Modern Experimental-class instrumentation, based on computers, gains capabilities with frightening speed. It shouldn’t be a surprise. The computer Im staring at is more than three years old, but its on the third major operating system update-my word processor, photo-management program and web browser all look different than when I unpacked the big white box in late 2007.
So it is with the Grand Rapids Horizon HX. To test other equipment, Id removed the GRT and allowed it to gather figurative dust in a corner of the hangar. The plan had always been to reinstall it both to provide a totally independent backup and to help assess any new software that might come along. I kept all the harnesses in place so the refit would be easy.
That plan became reality recently, and like any good computer geek, I immediately went to the GRT web site and downloaded the latest display unit and AHRS software, put it on a USB memory stick and loaded it to the Horizon.
Id left the unit with Software Version 2a, but 2b and then 3 became current while I wasn’t looking. Grand Rapids, like all good software companies, provided a listing of fixes and updates on its web site. Amazingly, the jump from 2a to 2b included 60 changes, some very minor (like altering font size to improve scaling) and some to fix niggling lockup issues (such as when the weather module was turned off in flight.) Another 30 or so line items were included in the jump to version 3. The content of the lists is amazing when you consider that GRT isn’t exactly overflowing with software engineers. Enthusiasm, yes, but I don’t suppose youd mistake GRTs office with IBMs.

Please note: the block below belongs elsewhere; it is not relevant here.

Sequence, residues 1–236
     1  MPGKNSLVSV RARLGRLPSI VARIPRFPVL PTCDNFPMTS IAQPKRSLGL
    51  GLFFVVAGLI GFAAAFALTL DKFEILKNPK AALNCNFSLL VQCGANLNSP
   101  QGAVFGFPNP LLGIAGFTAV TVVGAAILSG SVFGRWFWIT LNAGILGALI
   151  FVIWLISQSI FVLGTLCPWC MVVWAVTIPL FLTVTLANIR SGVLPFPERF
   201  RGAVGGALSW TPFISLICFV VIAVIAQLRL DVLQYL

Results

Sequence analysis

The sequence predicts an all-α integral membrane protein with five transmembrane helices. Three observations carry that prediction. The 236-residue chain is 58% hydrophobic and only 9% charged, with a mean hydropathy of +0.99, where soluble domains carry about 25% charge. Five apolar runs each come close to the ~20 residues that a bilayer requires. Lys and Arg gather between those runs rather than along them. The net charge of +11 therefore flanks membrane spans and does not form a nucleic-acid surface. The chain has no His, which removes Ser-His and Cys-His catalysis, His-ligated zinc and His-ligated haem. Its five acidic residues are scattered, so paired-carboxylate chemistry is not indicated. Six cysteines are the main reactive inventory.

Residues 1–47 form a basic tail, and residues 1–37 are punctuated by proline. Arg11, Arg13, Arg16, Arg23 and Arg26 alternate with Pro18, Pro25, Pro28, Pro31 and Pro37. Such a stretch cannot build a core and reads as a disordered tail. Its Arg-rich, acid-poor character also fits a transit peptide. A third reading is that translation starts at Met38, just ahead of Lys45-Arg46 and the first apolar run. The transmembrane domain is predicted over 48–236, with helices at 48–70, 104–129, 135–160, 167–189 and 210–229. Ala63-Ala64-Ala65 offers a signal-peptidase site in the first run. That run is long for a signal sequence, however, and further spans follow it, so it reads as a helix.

A push to improve the top-down map presentation underpins the efforts in version 3. There are now roads, state outlines, railroads and many other features. The map background when not using synthetic vision and terrain depiction is now a uniform earth color and therefore no longer an MS-DOS inky black. But more important, I think, is that the presentation of airspace and airports is greatly improved. One of the noted updates is use more consistent placement of airspace labels. GRT has made great strides here. It was one of those aspects of the Horizons top-down map that I didn’t like but couldn’t quite define-it just seemed that I couldn’t find what I was looking for with the map in certain configurations. And thats a bad thing when navigating around complex airspace; we have a lot of it in Los Angeles.